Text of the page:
Any fringe benefits you’ve paid for your employees can be claimed as a tax deduction. Fringe benefits include reimbursements made to an employee for their expense, or if you’ve paid a third party for the expense. They can be private or business in nature, but costs need to be incurred by the employee. There are strict rules governing what is classified as a fringe benefit. Fringe benefit tax is separate to income tax and is worked out on the taxable value of the benefit.
Pro Tax Tip: Employers can generally claim a tax deduction for the cost of providing the benefits as well as GST credits for the items.
Working From Home
Some business owners work from a home office or dedicated working space in their home. There are many expenses that can be claimed, including:
- Heating and cooling
- Phone and internet
- Electricity and gas
- The cost of cleaning your home office, including cleaning products
- Depreciation of home office equipment, furnishings and computers
- Costs of repair and maintenance of work-related assets
- Small capital items
Pro Tax Tip: The ATO has three working methods for claiming working from home deductions: shortcut method, fixed-rate and actual cost. It’s a good idea to crunch some numbers to see what will provide you with the maximum tax deductions. They are not all equal.
There are a range of insurance premiums that are classified as business costs because they are incurred as a cost of conducting business and can be claimed. There are eight types of insurance cover your small business can claim:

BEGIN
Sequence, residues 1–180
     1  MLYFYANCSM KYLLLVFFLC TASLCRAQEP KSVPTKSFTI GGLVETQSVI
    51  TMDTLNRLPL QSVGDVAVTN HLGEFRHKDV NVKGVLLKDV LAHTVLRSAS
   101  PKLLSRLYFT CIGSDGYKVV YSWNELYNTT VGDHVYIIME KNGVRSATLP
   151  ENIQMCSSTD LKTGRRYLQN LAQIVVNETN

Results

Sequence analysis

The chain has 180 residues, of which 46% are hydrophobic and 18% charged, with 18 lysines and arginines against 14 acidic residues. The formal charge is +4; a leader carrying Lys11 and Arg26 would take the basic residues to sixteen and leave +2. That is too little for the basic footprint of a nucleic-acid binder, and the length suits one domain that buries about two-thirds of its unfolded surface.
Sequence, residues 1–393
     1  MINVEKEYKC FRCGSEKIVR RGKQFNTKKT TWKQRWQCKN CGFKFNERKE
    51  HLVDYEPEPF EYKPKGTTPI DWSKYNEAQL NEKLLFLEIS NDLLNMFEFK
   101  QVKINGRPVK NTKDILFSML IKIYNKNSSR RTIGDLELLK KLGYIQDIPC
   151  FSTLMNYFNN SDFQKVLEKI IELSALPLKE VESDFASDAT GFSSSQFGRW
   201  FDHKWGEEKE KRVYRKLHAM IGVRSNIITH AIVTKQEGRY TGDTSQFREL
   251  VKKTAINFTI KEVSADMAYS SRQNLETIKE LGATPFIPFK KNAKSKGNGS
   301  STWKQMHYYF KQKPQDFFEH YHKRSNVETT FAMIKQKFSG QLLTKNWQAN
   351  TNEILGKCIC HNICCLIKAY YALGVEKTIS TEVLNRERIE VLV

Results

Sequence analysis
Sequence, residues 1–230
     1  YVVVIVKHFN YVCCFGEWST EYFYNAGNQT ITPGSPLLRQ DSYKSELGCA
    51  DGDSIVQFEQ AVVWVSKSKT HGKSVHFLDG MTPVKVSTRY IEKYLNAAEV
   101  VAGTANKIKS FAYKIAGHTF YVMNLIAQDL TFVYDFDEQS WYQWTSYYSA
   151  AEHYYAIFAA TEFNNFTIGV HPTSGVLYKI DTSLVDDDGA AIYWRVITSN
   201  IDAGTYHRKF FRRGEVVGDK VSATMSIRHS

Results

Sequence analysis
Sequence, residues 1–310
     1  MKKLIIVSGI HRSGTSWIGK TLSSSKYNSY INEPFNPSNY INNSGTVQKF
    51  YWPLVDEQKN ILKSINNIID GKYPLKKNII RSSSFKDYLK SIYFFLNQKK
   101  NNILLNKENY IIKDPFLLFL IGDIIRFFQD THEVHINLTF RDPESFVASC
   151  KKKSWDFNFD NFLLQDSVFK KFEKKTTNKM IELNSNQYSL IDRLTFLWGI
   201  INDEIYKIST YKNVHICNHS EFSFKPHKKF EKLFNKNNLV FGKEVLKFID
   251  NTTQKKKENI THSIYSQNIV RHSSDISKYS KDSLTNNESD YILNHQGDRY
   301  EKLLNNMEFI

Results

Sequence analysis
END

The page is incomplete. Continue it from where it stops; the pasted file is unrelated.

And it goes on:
- General liability cover
- Professional liability insurance
- Business insurance
- Business interruption
- Management liability insurance
- Cyber liability insurance
- Tax audit insurance
- Workers compensation insurance
Pro tax tip: Most businesses need insurance but there are many types with different coverage. The most common types of insurance are general and professional liability.
Repairs, cleaning and maintenance
As well as new asset purchases, your current assets will need attention from time to time. The costs of upkeep on your machinery and assets, if they are used to generate an income and are not capital costs, can be claimed.
General upkeep includes:
- Upkeep on buildings, fences and guttering
- Fixing defects
Pro tax tip: Deductible upkeep does not include improvements or work done immediately on or after acquiring an asset.
You like to hire skilled staff because they’re an asset to your business. A good accountant and tax agent is also your friend. Any fees associated with hiring a tax agent or accountant, including fees, bookkeeping, preparing and lodging tax and BAS returns, objecting or appealing an assessment, auditing, tax advice and GST liability can be claimed.
ITP Accounting Professionals have helped Australian individuals and small business with their tax affairs, bookkeeping and financial advice for 50 years. That’s a lot of experience to be taken advantage of. Phone 1800 367 487 and chat with a friendly tax professional today.